On April 17, Netflix watchers found a heavyweight contender for their attention—Homecoming: A film by Beyoncé. For non-fans of the pop superstar, the decision to scroll past would have been simple. For fans, the decision was simpler: plug in headphones, and hit play. The film, like other initiatives by Beyoncé, is already making history. The day after the movie released, Michelle Obama tweeted: “Girl, you have done it again.”
Last year, Beyoncé became the first black artist to headline Coachella, a festival that was better known for its white audience than for its black power. Coachella became Beychella for the legions of Beyonce fans, who now found ‘their’ voice on the glamorous stage of one of America’s most profitable events.
By combining concert footage of the historic gig with important black voices from down the ages, Beyoncé has made a visual hype track for every woman of colour. It is a mixtape for those who can count on their fingers the times when their tales of daily struggle and resilience made it to popular culture.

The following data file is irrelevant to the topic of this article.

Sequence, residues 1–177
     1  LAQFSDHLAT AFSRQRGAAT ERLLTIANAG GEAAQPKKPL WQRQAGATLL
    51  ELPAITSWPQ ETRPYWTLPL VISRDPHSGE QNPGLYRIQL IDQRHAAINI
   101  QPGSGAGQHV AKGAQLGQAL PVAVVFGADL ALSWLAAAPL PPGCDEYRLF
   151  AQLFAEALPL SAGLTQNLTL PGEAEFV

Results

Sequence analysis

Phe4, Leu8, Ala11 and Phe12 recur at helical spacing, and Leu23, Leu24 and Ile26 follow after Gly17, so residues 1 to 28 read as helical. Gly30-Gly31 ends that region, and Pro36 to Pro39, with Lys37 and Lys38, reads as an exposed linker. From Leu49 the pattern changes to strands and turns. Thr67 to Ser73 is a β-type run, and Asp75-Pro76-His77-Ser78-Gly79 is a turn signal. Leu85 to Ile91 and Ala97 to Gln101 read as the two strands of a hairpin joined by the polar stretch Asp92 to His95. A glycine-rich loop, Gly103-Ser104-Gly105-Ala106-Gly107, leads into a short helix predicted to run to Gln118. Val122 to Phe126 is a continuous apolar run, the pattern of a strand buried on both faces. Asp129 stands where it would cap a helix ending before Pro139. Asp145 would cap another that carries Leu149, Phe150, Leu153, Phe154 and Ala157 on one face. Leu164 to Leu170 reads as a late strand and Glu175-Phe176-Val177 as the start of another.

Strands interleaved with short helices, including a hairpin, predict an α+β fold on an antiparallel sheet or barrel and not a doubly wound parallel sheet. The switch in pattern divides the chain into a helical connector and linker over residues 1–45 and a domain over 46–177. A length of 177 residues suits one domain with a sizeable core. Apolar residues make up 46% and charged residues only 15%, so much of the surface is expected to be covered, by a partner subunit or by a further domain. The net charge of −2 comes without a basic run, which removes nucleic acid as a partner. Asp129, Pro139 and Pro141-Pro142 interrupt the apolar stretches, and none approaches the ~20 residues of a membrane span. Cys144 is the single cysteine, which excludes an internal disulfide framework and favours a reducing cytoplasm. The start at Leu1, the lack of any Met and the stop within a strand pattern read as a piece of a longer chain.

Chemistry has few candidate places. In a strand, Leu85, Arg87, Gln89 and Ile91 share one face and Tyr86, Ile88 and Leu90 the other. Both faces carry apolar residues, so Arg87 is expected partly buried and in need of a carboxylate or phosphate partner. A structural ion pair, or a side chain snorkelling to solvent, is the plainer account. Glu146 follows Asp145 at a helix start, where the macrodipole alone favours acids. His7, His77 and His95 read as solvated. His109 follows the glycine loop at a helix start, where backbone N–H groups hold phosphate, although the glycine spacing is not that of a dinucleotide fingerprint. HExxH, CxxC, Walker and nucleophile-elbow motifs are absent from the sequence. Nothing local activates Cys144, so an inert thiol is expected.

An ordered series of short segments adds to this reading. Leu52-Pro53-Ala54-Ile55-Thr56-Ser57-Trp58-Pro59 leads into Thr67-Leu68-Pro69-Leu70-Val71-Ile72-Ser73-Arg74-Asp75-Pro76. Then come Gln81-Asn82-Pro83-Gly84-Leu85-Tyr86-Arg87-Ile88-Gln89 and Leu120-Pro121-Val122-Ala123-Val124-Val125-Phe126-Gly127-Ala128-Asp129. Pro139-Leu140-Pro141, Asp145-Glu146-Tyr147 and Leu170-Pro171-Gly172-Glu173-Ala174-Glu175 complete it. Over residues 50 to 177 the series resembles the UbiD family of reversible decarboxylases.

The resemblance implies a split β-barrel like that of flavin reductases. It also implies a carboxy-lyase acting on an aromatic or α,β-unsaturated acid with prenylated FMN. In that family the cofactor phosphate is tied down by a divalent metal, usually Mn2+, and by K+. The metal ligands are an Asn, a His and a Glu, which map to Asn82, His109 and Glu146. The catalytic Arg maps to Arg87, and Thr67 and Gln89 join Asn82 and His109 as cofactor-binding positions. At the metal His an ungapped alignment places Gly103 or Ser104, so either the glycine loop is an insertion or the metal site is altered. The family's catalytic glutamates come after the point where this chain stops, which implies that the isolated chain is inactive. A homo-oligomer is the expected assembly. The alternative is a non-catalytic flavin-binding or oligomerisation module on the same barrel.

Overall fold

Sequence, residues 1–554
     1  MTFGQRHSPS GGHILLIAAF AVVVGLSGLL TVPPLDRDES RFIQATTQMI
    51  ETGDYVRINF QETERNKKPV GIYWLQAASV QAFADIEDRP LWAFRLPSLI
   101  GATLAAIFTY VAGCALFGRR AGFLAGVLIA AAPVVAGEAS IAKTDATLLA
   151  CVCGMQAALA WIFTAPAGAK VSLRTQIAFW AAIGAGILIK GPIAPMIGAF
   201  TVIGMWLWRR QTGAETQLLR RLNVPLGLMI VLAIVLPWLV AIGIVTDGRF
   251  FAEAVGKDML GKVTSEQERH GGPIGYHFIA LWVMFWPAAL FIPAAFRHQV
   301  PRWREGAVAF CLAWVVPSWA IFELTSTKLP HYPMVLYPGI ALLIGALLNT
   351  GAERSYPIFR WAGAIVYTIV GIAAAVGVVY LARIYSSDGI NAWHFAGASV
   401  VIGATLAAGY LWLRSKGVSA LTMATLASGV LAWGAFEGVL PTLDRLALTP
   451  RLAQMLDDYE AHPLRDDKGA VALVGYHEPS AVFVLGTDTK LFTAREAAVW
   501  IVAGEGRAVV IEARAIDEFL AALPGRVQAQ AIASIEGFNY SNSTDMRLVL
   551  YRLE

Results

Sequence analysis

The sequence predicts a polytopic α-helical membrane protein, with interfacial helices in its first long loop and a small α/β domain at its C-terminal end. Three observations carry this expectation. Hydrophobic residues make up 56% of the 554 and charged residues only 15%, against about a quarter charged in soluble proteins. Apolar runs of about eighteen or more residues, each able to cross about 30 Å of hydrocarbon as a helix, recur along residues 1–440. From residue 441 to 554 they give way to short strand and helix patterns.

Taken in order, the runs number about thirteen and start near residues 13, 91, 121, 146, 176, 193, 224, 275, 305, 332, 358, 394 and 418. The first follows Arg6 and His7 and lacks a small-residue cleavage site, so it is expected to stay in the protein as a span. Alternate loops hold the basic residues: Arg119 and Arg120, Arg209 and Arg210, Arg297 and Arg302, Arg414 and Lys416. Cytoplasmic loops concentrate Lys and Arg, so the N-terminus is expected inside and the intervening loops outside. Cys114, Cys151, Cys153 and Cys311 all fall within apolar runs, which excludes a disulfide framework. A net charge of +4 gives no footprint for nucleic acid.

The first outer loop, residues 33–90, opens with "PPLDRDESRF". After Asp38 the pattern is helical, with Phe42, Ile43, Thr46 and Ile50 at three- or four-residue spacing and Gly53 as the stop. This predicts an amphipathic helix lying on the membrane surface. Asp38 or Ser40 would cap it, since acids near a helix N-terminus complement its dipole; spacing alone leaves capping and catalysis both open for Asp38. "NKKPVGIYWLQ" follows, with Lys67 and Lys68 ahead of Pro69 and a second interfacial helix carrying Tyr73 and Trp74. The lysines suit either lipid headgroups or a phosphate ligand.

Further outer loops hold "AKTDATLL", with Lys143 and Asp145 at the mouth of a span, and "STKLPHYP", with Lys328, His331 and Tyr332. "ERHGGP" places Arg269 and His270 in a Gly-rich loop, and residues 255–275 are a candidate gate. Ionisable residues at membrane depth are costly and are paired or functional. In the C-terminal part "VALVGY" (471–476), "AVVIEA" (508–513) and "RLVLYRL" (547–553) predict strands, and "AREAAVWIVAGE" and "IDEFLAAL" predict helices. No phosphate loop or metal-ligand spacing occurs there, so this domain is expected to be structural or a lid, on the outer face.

The film’s vision is best expressed by Beyoncé when she says, “I wanted every person who has ever been dismissed to feel like they were on that stage.”
Beyonce’s vocal magnificence undergirds an emotive journey through the landscape of African-American voices, from those of Nina Simone and Audre Lorde to Toni Morrison and Reginald Lewis. There are also the personal stories of the talented crew members who choreographed the masterpiece. You see a little of Beyoncé’s thought process during the rehearsals—her private moments of doubt and uncertainty, her eye for detail, and the struggle she faced during and after a difficult pregnancy. You see her plan every square inch of the stage and every tiny movement by the performers.
The result is a sum much bigger than its parts, a message of self-empowerment that resonates beyond the divides of gender, genre, race or fandom. A love letter to the fans, but also, to Beychella itself.
Available on Netflix